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A resume is a necessary document for finding work today. This document is often the first thing that hiring managers review before bringing candidates in for interviews, and it’s looked over with a great deal of scrutiny. A seasoned recruiter or hiring manager can easily spot errors, gaps in employment, and potentially false information on a resume in a matter of seconds. They know from statistics that more than half of all applicants falsify some of their information.

Are you sure your resume reflects accurately your work and educational history, or have you elaborated a little too much to look good to hiring managers? Now is the time to correct these errors and fact check your own resume. Here’s how:

Add the skills you actually have

Your skills are what matches you up to jobs and this is the area at the top of your resume that needs attention. Update your skills and only include those you actually have. Don’t fluff up this area with skills that don’t make sense (such as management skills when you’ve only held entry level positions).

Double check all dates of employment

Your dates of employment will be verified by the hiring manager, so be sure they are correct. If you can’t remember them, pick up the phone and call your former employers HR department to confirm this information.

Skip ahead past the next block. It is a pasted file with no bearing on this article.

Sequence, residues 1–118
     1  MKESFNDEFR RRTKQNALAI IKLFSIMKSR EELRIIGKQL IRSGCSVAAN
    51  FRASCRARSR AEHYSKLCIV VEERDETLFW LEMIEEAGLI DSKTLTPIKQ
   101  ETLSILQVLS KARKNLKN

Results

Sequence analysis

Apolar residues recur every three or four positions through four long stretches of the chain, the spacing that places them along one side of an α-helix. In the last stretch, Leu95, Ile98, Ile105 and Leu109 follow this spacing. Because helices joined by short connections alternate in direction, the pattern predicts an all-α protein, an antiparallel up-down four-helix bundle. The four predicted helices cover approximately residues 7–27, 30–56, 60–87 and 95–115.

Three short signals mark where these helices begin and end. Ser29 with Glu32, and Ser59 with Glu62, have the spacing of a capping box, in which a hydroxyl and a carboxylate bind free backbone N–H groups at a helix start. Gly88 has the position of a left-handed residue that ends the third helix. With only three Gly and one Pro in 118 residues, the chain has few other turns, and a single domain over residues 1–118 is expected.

Include real achievements at each job

Instead of descriptions of jobs you’ve held, you should be including achievements you had while employed. But keep them accurate and realistic. Include percentages of improvements you’ve had (like increase in customer satisfaction, or percentage of sales) and make sure you can back them up with proof if asked.

College degrees and certificates

If you are currently a student working towards a college degree, you will want to include your estimated graduation date on your resume. Certifications and credentials should also be listed, but be sure you have actually earned them. Dropping out or quitting doesn’t count.

Explain any gaps in employment more than one month

Everyone has had at least one period of time when they were not working. It happens. Just be honest about it. If you have had a gap for more than a month, include a little note in your resume to explain why. You could just write “attending classes” or “caring for new baby” for example.

Provide real professional references

One area where nearly 30 percent of people try to falsify their information is when it comes to professional references. Don’t use your neighbors and friends for this purpose. Include real references and if you can, attach written reference letters from former co-workers or managers to your resume that will save the recruiter time.

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